- Those who want to take their wheelchairs on a plane may need to do more planning and preparation. Wheelchair users may need to switch to an aisle chair to fit between the rows of seats on an airplane. Also, people with disabilities will have to figure out how to go to the bathroom before getting on an airplane, since the bathrooms on planes are often too small for a wheelchair to fit in. Putting waterproof instructions on how to use a manual or electric wheelchair and who owns it before putting it in a storage area during a flight can make it less likely that the mobility device will get damaged.
- TSA- Disabilities and Medical Conditions
- The Center for an Assessable Society – The Americans with Disability Act
- Travel Tips with Disability
- USA Today – Airline Traveling With Handicaps and Disabilities
- Airport services for people with disabilities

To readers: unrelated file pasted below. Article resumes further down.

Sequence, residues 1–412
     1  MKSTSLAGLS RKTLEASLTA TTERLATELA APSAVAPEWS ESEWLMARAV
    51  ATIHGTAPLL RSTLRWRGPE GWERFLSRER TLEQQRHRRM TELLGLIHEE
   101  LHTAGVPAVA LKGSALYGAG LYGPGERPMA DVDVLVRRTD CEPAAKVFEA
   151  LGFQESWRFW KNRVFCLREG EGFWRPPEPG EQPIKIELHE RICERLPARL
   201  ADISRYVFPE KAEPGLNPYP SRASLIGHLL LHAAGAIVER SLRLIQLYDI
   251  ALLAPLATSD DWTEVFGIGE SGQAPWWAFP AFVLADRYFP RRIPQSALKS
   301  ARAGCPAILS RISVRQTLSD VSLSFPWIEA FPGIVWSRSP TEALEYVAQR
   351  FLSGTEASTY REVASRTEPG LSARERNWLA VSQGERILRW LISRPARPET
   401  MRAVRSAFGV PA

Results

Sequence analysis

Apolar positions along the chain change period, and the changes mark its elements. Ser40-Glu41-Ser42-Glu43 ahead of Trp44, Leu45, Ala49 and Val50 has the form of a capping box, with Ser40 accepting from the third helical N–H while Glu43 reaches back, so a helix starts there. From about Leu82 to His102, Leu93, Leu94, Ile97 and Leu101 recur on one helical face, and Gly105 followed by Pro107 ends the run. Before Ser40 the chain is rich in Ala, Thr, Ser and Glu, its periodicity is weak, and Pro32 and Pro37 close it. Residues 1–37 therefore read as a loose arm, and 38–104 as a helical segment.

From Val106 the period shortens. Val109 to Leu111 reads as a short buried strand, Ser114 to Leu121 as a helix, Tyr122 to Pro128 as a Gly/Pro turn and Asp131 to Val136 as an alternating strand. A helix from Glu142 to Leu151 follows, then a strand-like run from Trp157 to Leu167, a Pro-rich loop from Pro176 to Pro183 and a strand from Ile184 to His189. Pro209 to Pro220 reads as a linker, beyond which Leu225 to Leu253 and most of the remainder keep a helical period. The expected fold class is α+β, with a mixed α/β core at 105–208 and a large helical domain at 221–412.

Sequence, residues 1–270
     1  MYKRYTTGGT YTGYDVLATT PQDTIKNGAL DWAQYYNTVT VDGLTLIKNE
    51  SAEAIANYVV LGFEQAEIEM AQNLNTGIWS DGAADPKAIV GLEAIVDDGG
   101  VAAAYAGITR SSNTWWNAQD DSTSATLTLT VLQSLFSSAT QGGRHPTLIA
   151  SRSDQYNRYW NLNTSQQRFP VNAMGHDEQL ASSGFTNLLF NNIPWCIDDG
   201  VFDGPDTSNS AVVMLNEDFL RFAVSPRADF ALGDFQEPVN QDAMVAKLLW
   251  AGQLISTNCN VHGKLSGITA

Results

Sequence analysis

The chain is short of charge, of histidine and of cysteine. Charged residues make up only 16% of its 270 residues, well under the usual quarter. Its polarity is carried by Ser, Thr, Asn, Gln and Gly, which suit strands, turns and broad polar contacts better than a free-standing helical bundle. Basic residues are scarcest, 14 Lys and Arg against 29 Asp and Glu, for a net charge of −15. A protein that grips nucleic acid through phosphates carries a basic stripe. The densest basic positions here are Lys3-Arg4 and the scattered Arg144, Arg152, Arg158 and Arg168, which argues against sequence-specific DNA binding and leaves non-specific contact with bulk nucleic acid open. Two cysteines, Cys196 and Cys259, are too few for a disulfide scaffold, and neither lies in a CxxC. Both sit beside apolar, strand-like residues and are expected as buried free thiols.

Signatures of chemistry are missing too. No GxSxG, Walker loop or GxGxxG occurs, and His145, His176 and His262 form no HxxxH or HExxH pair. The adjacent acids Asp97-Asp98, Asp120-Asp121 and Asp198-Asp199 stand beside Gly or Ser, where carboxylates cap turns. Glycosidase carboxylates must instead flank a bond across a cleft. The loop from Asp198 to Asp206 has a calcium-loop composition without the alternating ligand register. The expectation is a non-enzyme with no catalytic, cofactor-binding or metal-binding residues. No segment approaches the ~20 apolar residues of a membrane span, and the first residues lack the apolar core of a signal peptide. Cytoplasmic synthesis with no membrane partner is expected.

- Travel Buddies for Older People
- Air Travel with Medical Equipment & Medications:
- Making sure your medications and medical equipment are in order and ready to go will save you time and keep you from getting sick while you're on the road. Find out how much of your prescription medicine you can bring with you on your chosen mode of transportation. Make sure that you can fit any medicine you need in a carry-on bag. If you carry your health insurance information with you on your trip, it will be easier for you to get treatment quickly if you get sick. Be aware that some commercial transportation services may let you keep medical and mobility equipment close to you, while others may have rules that say the equipment must be kept in a safe place. You could also think about getting insurance for your medical or mobility equipment to protect it from damage. If your disability is serious or needs constant care, you might want to hire a travel nurse to help you while you're away.